43. Meyer, O. L., Castroschilo, L., & Aguilargaxiola, S. (2014). Determinants of mental health and self-rated health: a model of socioeconomic status, neighborhood safety, and physical activity. American Journal of Public Health, 104, 1734–1741.CrossRefGoogle Scholar
  44. Muller, D., Judd, C. M., & Yzerbyt, V. Y. (2005). When moderation is mediated and mediation is moderated. Journal of Personality and Social Psychology, 89, 852–863.CrossRefGoogle Scholar
  45. Muthén, L. K., & Muthén, B. O. (2012). Mplus User’s Guide (7th edn). Los Angeles, CA: Muthén & Muthén.Google Scholar
  46. Oyserman, D., Coon, H. M., & Kemmelmeier, M. (2002). Rethinking individualism and collectivism: evaluation of theoretical assumptions and meta-analyses. Psychological Bulletin, 128(1), 3–72.CrossRefGoogle Scholar
  47. Park, S. K., Kim, J. Y., & Cho, C. B. (2008). Prevalence of internet addiction and correlations with family factors among South Korean adolescents. Adolescence, 172(43), 895–909.Google Scholar
  48. Przybylski, A. K., Weinstein, N., Ryan, R. M., & Rigby, C. S. (2009). Having to versus wanting to play: background and consequences of harmonious versus obsessive engagement in video games. CyberPsychology & Behavior, 12, 485–492.CrossRefGoogle Scholar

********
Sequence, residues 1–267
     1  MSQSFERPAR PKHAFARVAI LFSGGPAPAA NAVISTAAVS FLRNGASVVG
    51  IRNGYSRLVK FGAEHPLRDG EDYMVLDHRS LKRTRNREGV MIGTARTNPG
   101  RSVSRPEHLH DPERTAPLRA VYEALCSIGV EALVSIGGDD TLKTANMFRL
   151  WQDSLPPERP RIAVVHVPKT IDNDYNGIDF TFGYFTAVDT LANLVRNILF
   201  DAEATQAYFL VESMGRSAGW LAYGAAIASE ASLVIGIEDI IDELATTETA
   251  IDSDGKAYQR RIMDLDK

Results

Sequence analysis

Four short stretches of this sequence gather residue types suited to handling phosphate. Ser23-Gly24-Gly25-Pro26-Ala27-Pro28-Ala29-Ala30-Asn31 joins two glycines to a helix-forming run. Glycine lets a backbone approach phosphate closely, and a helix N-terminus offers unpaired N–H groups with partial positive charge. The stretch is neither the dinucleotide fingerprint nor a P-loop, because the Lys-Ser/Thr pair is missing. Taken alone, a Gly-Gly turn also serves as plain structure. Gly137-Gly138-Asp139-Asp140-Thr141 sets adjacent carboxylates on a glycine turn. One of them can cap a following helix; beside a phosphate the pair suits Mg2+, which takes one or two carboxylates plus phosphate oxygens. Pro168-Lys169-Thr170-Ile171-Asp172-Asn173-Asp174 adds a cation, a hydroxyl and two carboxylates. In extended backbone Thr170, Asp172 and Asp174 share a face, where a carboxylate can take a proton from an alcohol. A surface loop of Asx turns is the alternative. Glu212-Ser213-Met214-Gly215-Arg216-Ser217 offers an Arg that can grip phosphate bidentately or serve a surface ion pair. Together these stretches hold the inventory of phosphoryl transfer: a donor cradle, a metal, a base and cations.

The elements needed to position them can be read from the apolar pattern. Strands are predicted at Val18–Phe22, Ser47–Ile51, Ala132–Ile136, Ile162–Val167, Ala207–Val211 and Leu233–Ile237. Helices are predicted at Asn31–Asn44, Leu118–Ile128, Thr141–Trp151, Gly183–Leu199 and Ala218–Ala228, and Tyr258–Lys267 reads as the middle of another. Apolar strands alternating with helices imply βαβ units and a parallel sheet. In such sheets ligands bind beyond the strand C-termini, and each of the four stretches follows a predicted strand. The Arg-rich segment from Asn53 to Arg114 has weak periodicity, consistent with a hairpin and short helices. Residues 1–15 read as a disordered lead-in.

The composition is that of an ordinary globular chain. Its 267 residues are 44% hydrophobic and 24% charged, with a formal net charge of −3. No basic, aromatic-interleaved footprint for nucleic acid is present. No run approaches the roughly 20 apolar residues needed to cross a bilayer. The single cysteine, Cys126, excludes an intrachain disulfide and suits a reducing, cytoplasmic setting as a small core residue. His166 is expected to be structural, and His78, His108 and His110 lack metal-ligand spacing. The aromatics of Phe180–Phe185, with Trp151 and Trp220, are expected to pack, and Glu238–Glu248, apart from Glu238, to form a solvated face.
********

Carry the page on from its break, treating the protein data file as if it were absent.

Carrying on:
49. Ryan, R. M. (1995). Psychological needs and the facilitation of integrative processes. Journal of Personality, 63, 397–427.CrossRefGoogle Scholar
  50. Shen, C. X., Liu, R. D., & Wang, D. (2013). Why are children attracted to the Internet? The role of need satisfaction perceived online and perceived in daily real life. Computers in Human Behavior, 29, 185–192.CrossRefGoogle Scholar
  51. Shi, X., Wang, J., & Zou, H. (2017). Family functioning and internet addiction among Chinese adolescents: the mediating roles of self-esteem and loneliness. Computers in Human Behavior, 76, 201–210.CrossRefGoogle Scholar
  52. Skinner, E.A. (1998). Commentary: strategies for studying social influences on motivation. In: Heckhausen J., Dewck C.S., (Eds). Motivation and self-regulation across the lifespan (pp. 216–234). New York: Cambridge,Google Scholar
  53. Smetana, J. G., Metzger, A., Gettman, D. C., & Campione‐Barr, N. (2006). Disclosure and secrecy in adolescent-parent relationships. Child Development, 77, 201–217.CrossRefGoogle Scholar
  54. Sivo, S. A., Fan, X., Witta, E. L., & Willse, J. T. (2006). The search for” optimal” cutoff properties: fit index criteria in structural equation modeling. Journal of Experimental Education, 74, 267–288.CrossRefGoogle Scholar
  55. Suler, J. R. (1999). To get what you need: healthy and pathological Internet use. CyberPsychology & Behavior, 2(5), 385–393.CrossRefGoogle Scholar
  56. Topham, G. L., Hubbs-Tait, L., Rutledge, J. M., Page, M. C., Kennedy, T. S., Shriver, L. H., & Harrist, A. W. (2011). Parenting styles, parental response to child emotion, and family emotional responsiveness are related to child emotional eating. Appetite, 56, 261–264.CrossRefGoogle Scholar